A study produced by United Way of Wisconsin shows that nearly one-fourth of the state’s residents come from households with one or more employed adults, but still struggle to afford basic needs like childcare, housing and food.

Based on data collected in 2018, the study shows that more than one-third of the state’s residents either lived below the federal poverty line or had trouble making ends meet – two years before the COVID-19 pandemic.

The focus of the study was the 23 percent of Wisconsin residents who are above the poverty line but below the “affordability line.”

United Way characterized that population with the acronym ALICE, which stands for people who are “Asset Limited, Income Constrained, (and) Employed.”

The study used federal statistics to define challenges faced by families in terms of housing, utility costs, childcare, food, transportation, health care, taxes and miscellaneous costs. It also examined the impact on senior citizens.

The study estimates that, in 2018, an estimated 549,313 Wisconsin residents were in the ALICE category, while another 262,960 people fell below the federal poverty line.

New statistics suggest improvement, with a shift from 38 percent of Wisconsin households falling below the ALICE Threshold in 2016, to the latest figure of 34 percent in 2018. However, the numbers don’t take into account the economic impact of the COVID-19 pandemic.

According to United Way, “households below the ALICE Threshold face acute hardship as the pandemic’s economic effects unfold.”

United Way of Wisconsin followed several basic principles to develop the study.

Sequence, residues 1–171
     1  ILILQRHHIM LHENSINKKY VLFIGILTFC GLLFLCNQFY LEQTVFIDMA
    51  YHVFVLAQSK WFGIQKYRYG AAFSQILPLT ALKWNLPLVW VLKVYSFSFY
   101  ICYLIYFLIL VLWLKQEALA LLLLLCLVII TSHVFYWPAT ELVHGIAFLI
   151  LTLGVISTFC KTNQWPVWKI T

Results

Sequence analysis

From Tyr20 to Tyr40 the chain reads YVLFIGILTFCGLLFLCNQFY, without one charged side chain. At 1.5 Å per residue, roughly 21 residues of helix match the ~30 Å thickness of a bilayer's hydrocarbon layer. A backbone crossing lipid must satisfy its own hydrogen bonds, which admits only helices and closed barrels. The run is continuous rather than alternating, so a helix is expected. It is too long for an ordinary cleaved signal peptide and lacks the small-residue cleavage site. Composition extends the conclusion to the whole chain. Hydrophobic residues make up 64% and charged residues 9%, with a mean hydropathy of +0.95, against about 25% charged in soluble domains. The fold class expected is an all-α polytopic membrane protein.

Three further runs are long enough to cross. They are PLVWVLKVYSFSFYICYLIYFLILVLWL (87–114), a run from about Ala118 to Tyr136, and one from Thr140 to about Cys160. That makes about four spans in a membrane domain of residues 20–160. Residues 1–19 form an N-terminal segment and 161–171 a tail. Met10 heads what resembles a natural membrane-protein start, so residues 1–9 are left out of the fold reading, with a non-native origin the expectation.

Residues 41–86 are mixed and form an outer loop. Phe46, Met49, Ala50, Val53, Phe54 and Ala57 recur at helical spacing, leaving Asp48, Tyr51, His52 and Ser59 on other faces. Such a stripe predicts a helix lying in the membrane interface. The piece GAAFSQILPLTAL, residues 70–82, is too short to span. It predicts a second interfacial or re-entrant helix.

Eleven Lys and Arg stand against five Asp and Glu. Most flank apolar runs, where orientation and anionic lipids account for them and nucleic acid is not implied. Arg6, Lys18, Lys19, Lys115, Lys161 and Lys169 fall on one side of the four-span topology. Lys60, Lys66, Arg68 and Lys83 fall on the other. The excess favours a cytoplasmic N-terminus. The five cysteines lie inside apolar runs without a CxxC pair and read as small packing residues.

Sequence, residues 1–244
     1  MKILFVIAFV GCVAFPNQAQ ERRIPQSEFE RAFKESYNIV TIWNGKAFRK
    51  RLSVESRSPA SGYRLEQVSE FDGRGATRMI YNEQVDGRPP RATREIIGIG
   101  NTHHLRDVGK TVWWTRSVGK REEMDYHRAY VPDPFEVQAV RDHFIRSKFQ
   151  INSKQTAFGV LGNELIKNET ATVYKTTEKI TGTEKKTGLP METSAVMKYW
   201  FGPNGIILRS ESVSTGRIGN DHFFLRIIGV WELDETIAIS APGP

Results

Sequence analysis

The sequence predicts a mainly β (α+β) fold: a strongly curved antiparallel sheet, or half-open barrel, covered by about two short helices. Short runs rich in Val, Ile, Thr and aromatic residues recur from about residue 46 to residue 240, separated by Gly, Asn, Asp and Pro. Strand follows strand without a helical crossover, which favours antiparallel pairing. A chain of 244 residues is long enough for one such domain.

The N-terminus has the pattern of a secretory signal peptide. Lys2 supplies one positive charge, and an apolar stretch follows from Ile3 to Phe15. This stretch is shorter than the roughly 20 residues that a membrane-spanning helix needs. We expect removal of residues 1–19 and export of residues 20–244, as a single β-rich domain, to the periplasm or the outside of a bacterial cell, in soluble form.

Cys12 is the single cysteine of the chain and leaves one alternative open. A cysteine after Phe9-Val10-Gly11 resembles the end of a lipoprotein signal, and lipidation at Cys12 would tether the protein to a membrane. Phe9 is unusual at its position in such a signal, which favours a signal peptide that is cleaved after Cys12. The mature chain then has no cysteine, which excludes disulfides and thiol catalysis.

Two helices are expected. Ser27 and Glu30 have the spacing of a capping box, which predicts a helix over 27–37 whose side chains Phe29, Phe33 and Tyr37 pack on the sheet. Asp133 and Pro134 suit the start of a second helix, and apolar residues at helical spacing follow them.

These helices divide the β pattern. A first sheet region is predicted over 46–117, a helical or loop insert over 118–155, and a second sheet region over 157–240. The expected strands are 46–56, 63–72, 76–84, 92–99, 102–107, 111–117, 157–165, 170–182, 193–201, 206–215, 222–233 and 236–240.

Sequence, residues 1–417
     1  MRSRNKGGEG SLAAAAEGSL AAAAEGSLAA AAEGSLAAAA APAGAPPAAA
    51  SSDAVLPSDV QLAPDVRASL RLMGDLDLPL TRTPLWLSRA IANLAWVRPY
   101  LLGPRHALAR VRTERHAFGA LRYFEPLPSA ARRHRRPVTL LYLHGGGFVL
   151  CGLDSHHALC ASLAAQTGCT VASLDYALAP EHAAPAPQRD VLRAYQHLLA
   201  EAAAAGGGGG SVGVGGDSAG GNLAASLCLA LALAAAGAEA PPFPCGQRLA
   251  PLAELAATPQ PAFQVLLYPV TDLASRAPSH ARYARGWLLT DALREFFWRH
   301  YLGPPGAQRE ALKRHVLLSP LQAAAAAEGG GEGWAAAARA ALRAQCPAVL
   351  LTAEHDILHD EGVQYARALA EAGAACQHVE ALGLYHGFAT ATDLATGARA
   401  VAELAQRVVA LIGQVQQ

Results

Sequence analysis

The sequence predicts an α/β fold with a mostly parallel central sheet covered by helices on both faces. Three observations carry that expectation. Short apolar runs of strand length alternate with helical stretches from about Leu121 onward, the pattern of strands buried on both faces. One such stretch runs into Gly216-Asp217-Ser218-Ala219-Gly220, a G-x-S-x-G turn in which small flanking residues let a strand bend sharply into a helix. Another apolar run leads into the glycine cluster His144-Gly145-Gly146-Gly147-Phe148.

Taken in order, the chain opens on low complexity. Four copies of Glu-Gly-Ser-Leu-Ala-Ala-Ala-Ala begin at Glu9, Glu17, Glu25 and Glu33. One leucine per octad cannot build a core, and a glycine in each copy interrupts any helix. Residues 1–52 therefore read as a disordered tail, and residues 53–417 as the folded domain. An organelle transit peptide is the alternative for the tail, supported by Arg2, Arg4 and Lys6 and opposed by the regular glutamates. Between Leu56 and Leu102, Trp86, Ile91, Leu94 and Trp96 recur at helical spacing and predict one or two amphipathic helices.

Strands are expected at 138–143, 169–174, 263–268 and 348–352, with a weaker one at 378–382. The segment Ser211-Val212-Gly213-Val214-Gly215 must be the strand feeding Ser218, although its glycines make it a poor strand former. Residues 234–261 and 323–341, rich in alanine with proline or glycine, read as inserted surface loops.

• All data is based on individual households, but not people who live in institutional group quarters, such as college dorms, nursing homes, homeless shelters, or prisons.

• The study uses federal data to measure the cost of living including housing, childcare, food, transportation, health care, and technology, plus miscellaneous expenses and taxes.

• Households that struggle to afford basic living costs were defined by number, demographic characteristics and geographic distribution.

• The study uses county-based statistics, because counties are “the smallest jurisdiction for which there is reliable data across the country.”

• Reliable data sources are used, including the U.S. Census Bureau, the U.S. departments of Agriculture, Housing and Urban Development, and the Bureau of Labor Statistics.

• United Way puts the data in context as a “means to understand conditions that struggling households face.

The study looks at how households struggle to find jobs with adequate pay, and the consequences of those struggles for the wider community; for example, more traffic and longer commutes as workers find lower-cost homes farther away from job sites.

Beginning as a pilot program in New Jersey, United For ALICE has grown to include 21 states and more than 648 local United Way chapters.

Each statewide study uses the same methodology to track financial need and hardship, using a model developed by United Way of Northern New Jersey in partnership with Rutgers University.

United For ALICE is funded and supported by AT&T, Atlantic Health System, Deloitte, Energy, Johnson & Johnson, Novartis and UPS.

The Wisconsin ALICE Report was supported by Thrivent Foundation, U.S. Venture/Schmidt Family Foundation, and local United Ways throughout Wisconsin.